International cooperation and coordination
The report notes that UNSMIL continues to coordinate international assistance in Libya, including the coordination of women’s empowerment. The report misses the opportunity to identify what kind of international support is being provided to women’s empowerment and how it is being coordinated on the ground. Citing specific projects and/or figures would provide a better understanding of the assistance as well as help to identify the gaps for women’s empowerment that still require international assistance.
Resolution 2144 (2014) “calls for those responsible for serious violations of international humanitarian law and human rights law, including sexual violence and violations.” The report does not provide any information on sexual or gender-based violence, in regards to human rights violations and or rule of law. Given the on-going SGBV and the Council recognition of these violations, future supports should provide information on instances of SGBV as well as information on the services provided to survivors, including health and legal services.
In the context of the deteriorating security situation, reports must provide information, including sex disaggregated data, on the violation of women’s human rights, including sexual and gender based violence, and missions progress on monitoring and protection of women’s human rights in eastern, western and southern Libya. Given the number of actors in the conflict, gender analysis should also be provided for the regions that identifies specific actors. In addition, the report must advocate for participation of women at all levels of the political-process to broker ceasefires and institution-building. It is critical that reports mainstream gender as a crosscutting issue, providing at a minimum, sex disaggregated data on civilian casualties, injuries, torture, beheadings, refugees, IDPs, and asylum seekers. Future reporting must include a comprehensive discussion of SGBV with a focus on access to justice for survivors and protection concerns for IDP and refugee women. Reporting should also systematically engage women’s civil society as consultants and participants in humanitarian, electoral, and security processes. Finally, the report should recognize the gender dimensions of extremism in Libya, particularly the gender-violence by IS and its affiliates.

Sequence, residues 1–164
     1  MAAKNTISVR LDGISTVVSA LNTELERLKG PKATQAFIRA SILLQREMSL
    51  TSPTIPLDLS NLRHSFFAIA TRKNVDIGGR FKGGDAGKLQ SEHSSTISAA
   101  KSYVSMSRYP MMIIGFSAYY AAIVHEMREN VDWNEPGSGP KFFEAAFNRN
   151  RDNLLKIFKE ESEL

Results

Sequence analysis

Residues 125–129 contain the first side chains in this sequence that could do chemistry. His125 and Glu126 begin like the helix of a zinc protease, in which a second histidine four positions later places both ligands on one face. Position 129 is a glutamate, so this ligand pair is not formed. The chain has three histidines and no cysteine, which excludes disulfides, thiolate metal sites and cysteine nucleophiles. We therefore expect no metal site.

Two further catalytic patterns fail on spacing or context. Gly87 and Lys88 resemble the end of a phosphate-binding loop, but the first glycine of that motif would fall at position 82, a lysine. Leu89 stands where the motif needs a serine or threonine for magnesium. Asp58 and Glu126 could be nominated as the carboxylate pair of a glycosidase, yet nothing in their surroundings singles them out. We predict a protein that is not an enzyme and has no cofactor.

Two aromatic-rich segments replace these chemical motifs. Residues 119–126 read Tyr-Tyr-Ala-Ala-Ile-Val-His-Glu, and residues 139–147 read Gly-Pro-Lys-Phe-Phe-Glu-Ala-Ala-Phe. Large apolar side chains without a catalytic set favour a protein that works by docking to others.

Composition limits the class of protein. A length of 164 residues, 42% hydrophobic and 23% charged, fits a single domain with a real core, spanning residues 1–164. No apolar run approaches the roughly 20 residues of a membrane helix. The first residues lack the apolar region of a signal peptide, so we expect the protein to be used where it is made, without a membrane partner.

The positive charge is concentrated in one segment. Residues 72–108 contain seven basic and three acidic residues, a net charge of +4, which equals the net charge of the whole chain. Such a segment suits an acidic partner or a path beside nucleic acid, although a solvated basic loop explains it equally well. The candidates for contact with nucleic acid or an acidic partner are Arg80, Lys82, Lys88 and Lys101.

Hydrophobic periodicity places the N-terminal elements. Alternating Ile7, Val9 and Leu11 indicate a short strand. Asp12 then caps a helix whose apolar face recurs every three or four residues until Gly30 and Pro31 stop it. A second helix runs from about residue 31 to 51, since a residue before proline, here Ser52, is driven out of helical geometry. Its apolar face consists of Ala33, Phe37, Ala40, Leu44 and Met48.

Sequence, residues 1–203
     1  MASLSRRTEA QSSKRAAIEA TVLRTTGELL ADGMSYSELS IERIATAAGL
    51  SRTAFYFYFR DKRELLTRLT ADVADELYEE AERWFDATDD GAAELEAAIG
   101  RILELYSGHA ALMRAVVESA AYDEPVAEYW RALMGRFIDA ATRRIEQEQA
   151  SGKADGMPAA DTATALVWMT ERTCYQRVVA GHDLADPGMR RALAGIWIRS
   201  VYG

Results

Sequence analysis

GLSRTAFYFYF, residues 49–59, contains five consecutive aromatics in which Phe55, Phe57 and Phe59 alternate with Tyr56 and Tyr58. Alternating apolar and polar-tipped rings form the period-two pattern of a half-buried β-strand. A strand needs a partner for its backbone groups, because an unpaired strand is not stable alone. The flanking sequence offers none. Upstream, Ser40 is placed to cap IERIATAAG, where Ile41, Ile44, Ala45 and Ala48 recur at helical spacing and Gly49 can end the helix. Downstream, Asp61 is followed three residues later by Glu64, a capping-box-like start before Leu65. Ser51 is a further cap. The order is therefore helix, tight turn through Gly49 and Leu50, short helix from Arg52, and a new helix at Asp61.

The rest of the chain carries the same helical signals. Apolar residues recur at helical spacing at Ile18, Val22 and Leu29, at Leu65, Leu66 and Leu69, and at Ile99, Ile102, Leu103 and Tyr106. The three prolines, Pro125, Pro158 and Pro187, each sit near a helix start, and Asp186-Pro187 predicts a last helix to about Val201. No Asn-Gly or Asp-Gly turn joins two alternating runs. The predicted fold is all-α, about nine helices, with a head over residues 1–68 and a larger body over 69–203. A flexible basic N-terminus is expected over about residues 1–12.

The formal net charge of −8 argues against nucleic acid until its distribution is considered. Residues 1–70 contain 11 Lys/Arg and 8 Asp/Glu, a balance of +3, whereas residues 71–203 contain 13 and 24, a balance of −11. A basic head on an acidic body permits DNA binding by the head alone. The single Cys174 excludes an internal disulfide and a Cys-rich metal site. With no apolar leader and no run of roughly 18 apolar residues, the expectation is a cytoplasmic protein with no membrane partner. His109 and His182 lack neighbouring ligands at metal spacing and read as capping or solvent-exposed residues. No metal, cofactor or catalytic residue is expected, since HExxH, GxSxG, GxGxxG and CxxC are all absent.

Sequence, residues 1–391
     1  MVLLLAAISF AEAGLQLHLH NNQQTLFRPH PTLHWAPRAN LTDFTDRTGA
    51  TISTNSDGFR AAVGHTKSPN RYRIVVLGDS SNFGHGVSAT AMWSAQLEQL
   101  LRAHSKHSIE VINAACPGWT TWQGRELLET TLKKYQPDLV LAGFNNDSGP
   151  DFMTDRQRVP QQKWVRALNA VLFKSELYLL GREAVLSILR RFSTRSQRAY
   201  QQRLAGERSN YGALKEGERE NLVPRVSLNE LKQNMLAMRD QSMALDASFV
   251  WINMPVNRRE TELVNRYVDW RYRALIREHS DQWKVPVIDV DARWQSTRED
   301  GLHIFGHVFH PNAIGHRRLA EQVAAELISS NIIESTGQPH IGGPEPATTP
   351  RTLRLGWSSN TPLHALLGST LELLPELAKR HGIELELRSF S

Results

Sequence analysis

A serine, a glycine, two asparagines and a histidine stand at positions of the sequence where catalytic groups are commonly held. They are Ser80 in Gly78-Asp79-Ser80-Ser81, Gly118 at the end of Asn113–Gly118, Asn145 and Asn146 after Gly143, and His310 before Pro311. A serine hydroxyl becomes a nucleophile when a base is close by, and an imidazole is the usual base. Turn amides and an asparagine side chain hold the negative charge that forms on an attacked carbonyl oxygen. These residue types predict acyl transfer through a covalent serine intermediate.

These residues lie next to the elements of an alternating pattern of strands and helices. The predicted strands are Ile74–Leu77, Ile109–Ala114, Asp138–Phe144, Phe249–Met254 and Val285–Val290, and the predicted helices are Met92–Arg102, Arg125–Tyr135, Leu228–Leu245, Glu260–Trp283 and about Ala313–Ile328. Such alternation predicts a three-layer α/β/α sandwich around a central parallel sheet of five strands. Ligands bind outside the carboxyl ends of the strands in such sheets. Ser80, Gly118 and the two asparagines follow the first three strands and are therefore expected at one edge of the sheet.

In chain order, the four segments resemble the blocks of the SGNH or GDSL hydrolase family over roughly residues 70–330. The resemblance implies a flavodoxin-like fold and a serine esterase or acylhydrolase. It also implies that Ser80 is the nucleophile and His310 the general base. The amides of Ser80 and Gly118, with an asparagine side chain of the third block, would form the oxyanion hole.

S/2015/144 para. 17
 S/2015/144 para. 3, 19
 S/2015/144 para. 62
 S/2015/144 para. 63
 S/2015/144 para. 64-65
 S/2015/144 para. 66
 S/2015/144 para. 26-28
 S/2015/144 para. 68-69
 S/2015/144 para. 68
 S/2015/144 para. 50-51
 S/2015/144 para. 50
 S/2015/144 para. 50
 S/2015/144 para. 53
 S/RES/2144 (2014) Op 6 (b)
 S/RES/2144 (2014) Op 6 (b)
 S/2015/144 para. 58
 S/2015/144 para. 57
 S/2015/144 para. 41
 S/2015/144 para. 29, 33
 S/2015/144 para. 30, 31
 S/2015/144 para. 34
 S/2015/144 para. 33
 S/Res/2144 (2014) Op. 6 (a)
 S/2015/144 para. 42
 S/2015/144 para. 43
 S/2015/144 para. 67
 S/RES/2144 (2014) Op. 2